Business Fitness: 3 Management Principles for Confidently Confronting Challenges of Change
SSI columnist Paul Boucherle lists off his favorite principles from the U.S. Marine Corps that can keep your team resilient to the constant state of change.
There may be nothing we can count on being as constant as change – in our business, industry and customers’ expectations of business value. Easily said, but even knowing that will be so is much more difficult to actually plan for and execute as a team.
For those who recognize these realities and build their companies to embrace and leverage opportunities come the rewards of growth and prosperity. For those who choose to ignore change that knocks on your front door, perhaps instead of opportunities your company might soon be facing a tall, dark, long-robed figure wielding a scythe. So is it possible to make dealing with the concept of change a little less scary?
Shake Things Up From Top Down
Indeed it is. It starts by applying a few tried-and-true U.S. Marine Corps management principles for leadership. We will explore three of my favorites that we often use to help our clients construct more resilient teams that are nimble with the realities of change. Keep an open mind – and an open eye – to spot any similar challenges your team may be facing. They will expect you to act as a leader and guide them.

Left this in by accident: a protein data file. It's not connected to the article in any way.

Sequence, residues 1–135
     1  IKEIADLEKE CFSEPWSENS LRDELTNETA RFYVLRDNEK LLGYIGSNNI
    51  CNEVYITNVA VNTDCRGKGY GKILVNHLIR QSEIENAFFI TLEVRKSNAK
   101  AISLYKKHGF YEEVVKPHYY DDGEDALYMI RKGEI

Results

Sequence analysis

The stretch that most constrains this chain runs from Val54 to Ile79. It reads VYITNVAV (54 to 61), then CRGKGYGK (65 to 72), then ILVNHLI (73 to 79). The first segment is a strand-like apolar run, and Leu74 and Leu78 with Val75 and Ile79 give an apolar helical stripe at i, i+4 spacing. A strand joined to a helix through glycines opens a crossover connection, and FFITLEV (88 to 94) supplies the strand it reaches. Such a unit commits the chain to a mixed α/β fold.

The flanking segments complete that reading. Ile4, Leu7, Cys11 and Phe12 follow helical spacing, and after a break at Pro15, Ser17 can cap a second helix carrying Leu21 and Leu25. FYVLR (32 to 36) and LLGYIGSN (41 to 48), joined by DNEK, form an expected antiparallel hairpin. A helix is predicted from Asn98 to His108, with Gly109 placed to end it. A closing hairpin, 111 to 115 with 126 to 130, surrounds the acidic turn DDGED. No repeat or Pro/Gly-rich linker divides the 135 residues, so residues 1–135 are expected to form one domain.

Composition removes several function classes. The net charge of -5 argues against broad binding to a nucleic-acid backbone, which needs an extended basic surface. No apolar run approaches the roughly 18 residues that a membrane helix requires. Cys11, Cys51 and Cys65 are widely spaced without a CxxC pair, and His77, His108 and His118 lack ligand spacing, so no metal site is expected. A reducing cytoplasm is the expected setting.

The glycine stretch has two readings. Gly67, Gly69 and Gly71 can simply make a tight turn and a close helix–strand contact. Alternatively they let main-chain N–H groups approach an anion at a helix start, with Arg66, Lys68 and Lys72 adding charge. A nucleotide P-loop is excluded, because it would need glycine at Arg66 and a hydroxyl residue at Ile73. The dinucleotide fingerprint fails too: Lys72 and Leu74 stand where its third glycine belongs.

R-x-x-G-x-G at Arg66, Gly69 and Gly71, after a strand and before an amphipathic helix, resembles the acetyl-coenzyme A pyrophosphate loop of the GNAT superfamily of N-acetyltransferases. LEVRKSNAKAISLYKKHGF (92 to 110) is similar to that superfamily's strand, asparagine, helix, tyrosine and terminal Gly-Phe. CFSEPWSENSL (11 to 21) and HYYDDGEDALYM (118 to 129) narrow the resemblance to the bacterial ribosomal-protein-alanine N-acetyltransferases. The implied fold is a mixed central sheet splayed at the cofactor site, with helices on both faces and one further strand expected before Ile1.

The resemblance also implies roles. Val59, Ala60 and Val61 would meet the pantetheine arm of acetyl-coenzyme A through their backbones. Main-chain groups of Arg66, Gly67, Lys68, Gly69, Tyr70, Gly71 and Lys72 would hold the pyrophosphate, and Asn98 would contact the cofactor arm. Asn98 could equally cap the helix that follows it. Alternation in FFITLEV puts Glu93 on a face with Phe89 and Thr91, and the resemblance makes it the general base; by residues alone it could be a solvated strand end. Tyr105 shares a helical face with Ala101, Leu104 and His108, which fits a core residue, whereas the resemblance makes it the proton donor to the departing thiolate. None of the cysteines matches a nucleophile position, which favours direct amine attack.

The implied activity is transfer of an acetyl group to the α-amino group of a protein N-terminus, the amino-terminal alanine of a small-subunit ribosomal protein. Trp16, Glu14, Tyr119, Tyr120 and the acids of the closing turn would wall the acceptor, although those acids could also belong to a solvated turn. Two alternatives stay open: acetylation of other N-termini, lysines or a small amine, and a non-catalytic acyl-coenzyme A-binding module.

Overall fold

Principle 1: Cross-train leaders to provide “plug-and-play” management on demand. I am not talking about walking around for a few days in someone else’s shoes. I mean changing jobs. While this sounds initially counterproductive from an efficiency standpoint, it can provide organizations with depth and flexibility when change inevitably shows up at your door. Moving people around to different seats on your business bus can provide new perspectives and leadership growth.
Cross-training is the medicine needed to cure stagnation and lopsided management skillsets that occur when a leader is left in one department or position too long. In addition, they become less adaptive to change when they have not been challenged to do so. New management will look at department challenges differently and will ask different questions -maybe the right questions.
Shaking up management roles embraces potential change and sends a great message to the entire company. New roles and new career opportunities can energize the organization from the bottom up. It can literally shift the culture of a company to adapt to change.
Principle 2: Manage outcomes by end states and the intent. This principle allows Marine commanders and business owners to describe how they want a situation to end up as well as what the broader goals of the mission look like (strategic). Marines then figure out the logistics, details, resources and steps necessary to make this happen (tactical). There is nothing more fluid and packed with unanticipated changes than a military operation, to which any veteran can attest.